On this past trip, honoring the discovery of the winery on our last trip and the several bottles of Sanford Chardonnay we’ve consumed since then, we popped in on our way to a scheduled wine-tasting charity event. Boy are we glad we did!

We came at the winery from the opposite side of Santa Rosa Rd (exiting 101E instead of 246W) and drove through the gorgeous valley in late-afternoon sunlight which–yes it’s cheesy–danced on the grapevines showing their new fall colors. We passed by Mosby and Alma Rosa, making note to come back this way next time, and pulled into the parking lot at Sanford to find only four cars. Sweet!

In we went to the familiar tasting room. We later learned that the beautiful architecture is made from reclaimed Douglas Fir and local adobe hand cut by the vineyard workers themselves. Because it was empty we were served immediately and we shared our first tasting of the day.

Mitch isn’t crazy about Chardonnays in general, but really likes the Sanford Chardonnay (probably because there’s no oak). We both remembered not being crazy about their red wines a couple of years ago, but we know our palates have matured and each vintage is different, so we had open minds as we began the discovery process all over again.

The door to the barrel room

The door to the barrel room

The Sanford Winery Tasting Room does public tours of their winery every Saturday at 12pm and 2pm. We were the only folks around so we took a private tour of the winery with the new tasting room manager’s inaugural tour. If he hadn’t told us, we wouldn’t have known!

It was our first time in the “employees only” area of a winery so it was great fun to see all the wine as it ages, to learn about the equipment and methods of their winemaking, to hear about the investments a winery makes, and just to soak in what daily life might be like if we lived there (one can dream). As our careful tour guide removed the lock and the stellar old-fashioned door “knob” from the West Barrel Room, we knew we were in for a treat. The room requires no HVAC to remain a constant 60-something degrees and walking into the quiet room filled with barrels which each hold 300 bottles of wine was serene.

Fermentation-Tanks

Where the Chardonnay Ferments

We also saw the different types of equipment to start extracting juice from the grapes, the massive open-topped fermentation tanks, and views of the vineyard which included an explanation of how the Pinot Noir grapes grow up on the hill and the Chardonnay grapes grow in the lower flat areas. There were also, as I somewhat expected, various clones the winemakers are “fooling around with” as they craft their next wines.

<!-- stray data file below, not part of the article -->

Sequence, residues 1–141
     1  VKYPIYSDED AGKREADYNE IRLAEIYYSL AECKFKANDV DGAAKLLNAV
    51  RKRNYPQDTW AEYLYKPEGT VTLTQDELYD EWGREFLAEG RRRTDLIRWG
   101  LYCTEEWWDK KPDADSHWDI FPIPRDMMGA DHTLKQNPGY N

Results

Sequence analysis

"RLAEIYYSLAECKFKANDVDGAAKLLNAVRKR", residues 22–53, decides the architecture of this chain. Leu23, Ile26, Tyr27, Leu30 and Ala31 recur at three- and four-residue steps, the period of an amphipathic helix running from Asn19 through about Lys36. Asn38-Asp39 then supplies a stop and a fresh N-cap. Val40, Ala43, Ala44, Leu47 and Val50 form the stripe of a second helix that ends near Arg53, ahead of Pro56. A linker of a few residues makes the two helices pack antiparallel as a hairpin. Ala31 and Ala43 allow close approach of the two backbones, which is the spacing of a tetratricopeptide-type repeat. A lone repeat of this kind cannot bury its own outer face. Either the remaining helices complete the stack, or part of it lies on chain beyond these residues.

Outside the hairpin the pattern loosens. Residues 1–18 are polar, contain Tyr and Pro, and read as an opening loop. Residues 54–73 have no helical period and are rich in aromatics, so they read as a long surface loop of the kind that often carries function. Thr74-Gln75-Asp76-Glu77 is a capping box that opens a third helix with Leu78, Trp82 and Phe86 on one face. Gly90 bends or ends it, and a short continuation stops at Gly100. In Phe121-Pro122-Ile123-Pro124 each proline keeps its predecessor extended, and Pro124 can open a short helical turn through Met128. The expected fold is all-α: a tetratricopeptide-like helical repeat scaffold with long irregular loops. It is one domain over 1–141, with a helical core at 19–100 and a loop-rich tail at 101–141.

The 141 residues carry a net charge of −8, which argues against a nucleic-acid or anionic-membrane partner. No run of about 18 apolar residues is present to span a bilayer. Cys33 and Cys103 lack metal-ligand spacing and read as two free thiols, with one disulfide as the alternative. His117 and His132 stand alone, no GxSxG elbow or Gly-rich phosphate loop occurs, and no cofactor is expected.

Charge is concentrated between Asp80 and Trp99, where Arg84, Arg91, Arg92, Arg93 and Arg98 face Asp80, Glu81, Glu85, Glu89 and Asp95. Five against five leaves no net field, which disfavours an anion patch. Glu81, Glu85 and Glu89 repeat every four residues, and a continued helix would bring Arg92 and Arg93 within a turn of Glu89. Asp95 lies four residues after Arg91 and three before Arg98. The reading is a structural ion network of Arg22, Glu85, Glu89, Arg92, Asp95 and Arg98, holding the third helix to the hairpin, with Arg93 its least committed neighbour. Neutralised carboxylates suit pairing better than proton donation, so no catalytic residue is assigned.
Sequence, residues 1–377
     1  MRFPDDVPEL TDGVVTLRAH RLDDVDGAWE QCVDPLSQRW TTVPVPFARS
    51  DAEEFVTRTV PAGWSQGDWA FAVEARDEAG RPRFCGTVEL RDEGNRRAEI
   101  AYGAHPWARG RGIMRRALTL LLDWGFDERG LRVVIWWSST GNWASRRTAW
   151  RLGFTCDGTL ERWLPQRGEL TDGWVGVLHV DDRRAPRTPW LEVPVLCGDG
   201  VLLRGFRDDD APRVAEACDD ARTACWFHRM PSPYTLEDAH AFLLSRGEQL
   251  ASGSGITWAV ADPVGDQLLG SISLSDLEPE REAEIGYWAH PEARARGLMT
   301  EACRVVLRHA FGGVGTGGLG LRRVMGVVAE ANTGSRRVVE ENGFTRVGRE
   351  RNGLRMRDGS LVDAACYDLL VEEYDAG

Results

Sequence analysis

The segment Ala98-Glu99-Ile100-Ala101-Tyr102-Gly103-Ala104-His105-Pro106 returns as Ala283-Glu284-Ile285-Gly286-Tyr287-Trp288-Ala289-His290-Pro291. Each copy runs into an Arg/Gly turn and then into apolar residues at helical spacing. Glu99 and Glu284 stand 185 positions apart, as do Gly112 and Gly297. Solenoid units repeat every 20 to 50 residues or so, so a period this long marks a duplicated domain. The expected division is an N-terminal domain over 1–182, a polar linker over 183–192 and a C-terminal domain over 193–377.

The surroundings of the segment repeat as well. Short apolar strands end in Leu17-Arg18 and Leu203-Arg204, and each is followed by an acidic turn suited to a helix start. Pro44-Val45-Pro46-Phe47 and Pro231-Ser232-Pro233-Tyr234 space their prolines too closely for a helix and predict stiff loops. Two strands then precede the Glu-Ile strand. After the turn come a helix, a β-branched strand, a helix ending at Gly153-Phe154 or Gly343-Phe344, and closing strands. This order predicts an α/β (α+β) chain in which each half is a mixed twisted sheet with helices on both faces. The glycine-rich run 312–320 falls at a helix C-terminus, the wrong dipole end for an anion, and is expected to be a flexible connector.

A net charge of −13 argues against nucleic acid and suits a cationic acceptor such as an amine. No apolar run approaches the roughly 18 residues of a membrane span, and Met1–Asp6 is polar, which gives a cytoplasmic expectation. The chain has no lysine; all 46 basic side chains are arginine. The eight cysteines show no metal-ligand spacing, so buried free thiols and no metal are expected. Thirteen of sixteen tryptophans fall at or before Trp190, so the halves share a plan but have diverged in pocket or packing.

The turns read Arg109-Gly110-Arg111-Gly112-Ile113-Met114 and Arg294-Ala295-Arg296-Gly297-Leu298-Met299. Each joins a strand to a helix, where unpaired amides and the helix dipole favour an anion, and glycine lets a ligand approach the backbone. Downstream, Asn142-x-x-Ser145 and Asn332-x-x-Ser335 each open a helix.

The Pinot Noir grapes growing up the hill with the Chardonnay grapes in front

The Pinot Noir grapes growing up the hill with the Chardonnay grapes in front

Of course, let’s not forget about the reason it’s all here looking so luscious… the wines! Here’s a rundown of what we tasted and what we thought about it.

Sunlight shining into the Sanford Winery Tasting Room

Sunlight shining into the Sanford Winery Tasting Room

2007 Sanford Chardonnay, Santa Barbara County, $22 per bottle

What they say: Our 2007 Santa Barbara County Chardonnay comes from four great vineyards. Our estate vineyards in the Santa Rita Hills, La Rinconada and Sanford & Bendict, along with the El Camino Vineyard in Los Alamos and the Bien Nacido Vineyard east of Santa Maria, combine to give this wine aromatic complexity and layers of flavor. The 2007 vintage was low yielding and produced wines of great intensity and structure. This barrel fermented Chardonnay shows all of the exotic tropical fruit and citrus that Santa Barbara is renowned for, along with the minerality that is a signature of wines from the Santa Rita Hills. This full bodied wine has nice acidity to keep it in balance and makes a nice complement to most seafood, poultry, and pasta with lighter sauces.

What Jess says: Apple & oak on the nose, with a smoky, astringent quality to it. It’s initially strong on the front of the palate with a bit of pineapple in the mid-palate. A lingering finish that fades gracefully.

Also known as “The Flower Label” Chardonnay, it’s a fairly large-production wine that can be found at Vons/Pavillions/Safeway/etc. and other stores, too. Santa Monica Seafood retails it for $17 and it goes on sale at the Safeway stores for as low as $14.99. At $14.99 it’s a FANTASTIC Chardonnay.

Buy it at K&L Wines

2006 Sanford La Rinconada Vineyard Chardonnay, Santa Rita Hills, $34 per bottle

What they say: The 2006 La Rinconada Chardonnay comes exclusively from our estate vineyard in the Santa Rita Hills. It is sourced from our two best lbocks (Wente and Clone 15), whole cluster pressed and barrel fermented. With the traditional Burgundian technique of lees stirring and barrel aging, this wine has developed richness and elegance sought after in fine Chardonnay. Intense by balanced, our flagship Chardonnay is bursting with citrus and tropical fruit, with hints of creme brulee.

What Jess says: On the nose: detectable minerality, earthy, smells like a Chardonnay and not like overdone winemaking. In the mouth, light, acidic/bright, and smooth with notes of oak and, believe it or not, that creme brulee.

2006 Sanford La Entrada Chardonnay, $45 per bottle

What they say: A stunning Chardonnay from our most prized block of Clone 15. This intense but balanced barrel fermented wine is called “La Entrada” because it comes from the parcel at the entrance to the Rinconada Vineyard. From its lifted citrus and tropical aromatics, to its rich but well structured palate, this barrel fermented Chardonnay has impressed all who have tasted it.